Short answer: IBus with
Ctrl+Shift+U ⇒ Emacs
C-x 8 RET
Emacs's support for more-than-8-bit character sets comes from MULE, which is about as old as Unicode (it derives from support for Japanese), and much older than widespread support for Unicode (in terms of programs supporting Unicode text, fonts, etc.). Good Unicode support came with GNU Emacs 23, which is the default version as of Ubuntu 10.04. Acceptable Unicode support came with GNU Emacs 22, which was the default version as of Ubuntu 8.04. Prior versions did have some support for Unicode, but it was more common to run into bugs or limitations.
Emacs doesn't use Gnome, so you can't use Gnome input methods in it. For example, Ctrl+Shift+U to insert a code point by its hexadecimal code is a Gnome feature, so it doesn't work in Emacs. The native Emacs equivalent is Ctrl+Q, which for historical reasons must be followed by the octal code; if you prefer hexadecimal, customize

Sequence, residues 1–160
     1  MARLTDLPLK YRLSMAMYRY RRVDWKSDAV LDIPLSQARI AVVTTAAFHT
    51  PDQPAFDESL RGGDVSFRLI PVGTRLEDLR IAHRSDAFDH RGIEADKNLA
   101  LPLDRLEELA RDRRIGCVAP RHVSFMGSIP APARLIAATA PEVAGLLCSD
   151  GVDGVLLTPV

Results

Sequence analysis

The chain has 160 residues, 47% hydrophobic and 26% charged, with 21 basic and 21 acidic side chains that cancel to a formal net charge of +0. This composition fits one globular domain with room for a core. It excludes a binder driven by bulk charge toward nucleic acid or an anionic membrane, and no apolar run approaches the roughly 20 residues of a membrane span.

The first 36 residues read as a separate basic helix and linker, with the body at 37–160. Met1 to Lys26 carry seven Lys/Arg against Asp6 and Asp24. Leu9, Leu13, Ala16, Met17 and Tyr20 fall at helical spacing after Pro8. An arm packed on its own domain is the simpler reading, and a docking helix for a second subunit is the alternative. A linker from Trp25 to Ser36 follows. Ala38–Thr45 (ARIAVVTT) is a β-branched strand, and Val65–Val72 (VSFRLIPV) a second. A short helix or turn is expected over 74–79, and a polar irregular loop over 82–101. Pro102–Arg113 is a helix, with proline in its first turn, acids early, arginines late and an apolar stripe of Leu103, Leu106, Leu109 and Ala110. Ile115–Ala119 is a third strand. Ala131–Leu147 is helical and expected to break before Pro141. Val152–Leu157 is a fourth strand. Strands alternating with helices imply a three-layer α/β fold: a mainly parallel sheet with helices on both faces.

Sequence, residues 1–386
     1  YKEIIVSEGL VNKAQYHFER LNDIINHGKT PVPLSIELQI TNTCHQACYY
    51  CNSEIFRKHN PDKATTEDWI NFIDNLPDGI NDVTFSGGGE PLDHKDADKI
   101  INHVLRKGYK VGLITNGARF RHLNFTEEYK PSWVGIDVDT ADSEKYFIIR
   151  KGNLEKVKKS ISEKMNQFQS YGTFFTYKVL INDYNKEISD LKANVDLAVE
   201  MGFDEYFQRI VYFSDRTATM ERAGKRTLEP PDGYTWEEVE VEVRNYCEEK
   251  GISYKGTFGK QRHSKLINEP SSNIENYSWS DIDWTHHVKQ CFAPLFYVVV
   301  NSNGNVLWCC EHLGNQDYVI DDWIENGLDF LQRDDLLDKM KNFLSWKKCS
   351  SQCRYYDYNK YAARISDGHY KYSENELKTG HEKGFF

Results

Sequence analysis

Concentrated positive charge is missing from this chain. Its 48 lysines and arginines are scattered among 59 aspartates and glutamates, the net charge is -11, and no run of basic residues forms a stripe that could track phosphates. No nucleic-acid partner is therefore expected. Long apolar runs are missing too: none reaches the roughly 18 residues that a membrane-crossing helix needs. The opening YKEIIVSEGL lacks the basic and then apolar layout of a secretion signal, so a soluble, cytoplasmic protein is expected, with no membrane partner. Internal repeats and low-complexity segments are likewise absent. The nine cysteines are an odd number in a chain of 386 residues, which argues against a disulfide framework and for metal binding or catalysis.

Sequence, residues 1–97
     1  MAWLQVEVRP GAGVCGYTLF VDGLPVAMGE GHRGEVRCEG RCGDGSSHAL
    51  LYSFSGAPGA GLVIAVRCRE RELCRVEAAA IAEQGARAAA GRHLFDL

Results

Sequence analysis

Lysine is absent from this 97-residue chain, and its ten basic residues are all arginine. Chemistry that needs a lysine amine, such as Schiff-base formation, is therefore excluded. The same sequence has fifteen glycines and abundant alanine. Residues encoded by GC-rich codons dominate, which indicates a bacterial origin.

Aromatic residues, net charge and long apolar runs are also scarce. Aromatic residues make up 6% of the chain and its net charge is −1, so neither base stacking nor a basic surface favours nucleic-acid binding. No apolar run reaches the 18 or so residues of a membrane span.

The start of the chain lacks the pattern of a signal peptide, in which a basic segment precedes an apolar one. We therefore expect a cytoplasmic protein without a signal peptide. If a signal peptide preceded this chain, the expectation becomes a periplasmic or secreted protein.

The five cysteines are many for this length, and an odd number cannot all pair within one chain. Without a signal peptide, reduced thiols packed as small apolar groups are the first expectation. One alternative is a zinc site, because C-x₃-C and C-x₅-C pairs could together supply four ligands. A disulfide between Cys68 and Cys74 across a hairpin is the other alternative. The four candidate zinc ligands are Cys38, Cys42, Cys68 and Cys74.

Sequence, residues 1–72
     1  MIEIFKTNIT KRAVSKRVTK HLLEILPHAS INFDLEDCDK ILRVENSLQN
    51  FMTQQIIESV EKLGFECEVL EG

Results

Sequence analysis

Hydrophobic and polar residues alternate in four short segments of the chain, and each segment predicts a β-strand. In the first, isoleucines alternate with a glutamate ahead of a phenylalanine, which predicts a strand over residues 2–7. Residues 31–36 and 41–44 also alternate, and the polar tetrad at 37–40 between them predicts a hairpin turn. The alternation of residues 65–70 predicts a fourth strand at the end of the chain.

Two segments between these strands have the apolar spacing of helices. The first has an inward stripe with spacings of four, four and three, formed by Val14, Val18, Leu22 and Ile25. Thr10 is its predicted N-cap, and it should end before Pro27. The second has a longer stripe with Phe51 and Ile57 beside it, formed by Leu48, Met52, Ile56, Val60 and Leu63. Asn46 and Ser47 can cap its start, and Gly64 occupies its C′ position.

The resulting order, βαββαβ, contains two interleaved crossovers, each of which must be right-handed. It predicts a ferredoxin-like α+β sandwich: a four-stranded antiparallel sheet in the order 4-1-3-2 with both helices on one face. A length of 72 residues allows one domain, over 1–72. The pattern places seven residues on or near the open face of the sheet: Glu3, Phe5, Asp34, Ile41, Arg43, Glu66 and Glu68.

read-quoted-char-radix to the value 16. A similar Emacs command is
C-x 8 RET (
ucs-insert; if you use it often, you may want to bind it to a shorter key sequence), which can be followed by a hexadecimal code point or the name of a unicode character, with completion.
Emacs has its own set of input methods, and can also use system input methods such as UIM (install
uim-el ). IBus support is relatively new; you need
ibus.el, which isn't in Lucid and I think not in Maverick either; see also IBus on the Emacs wiki.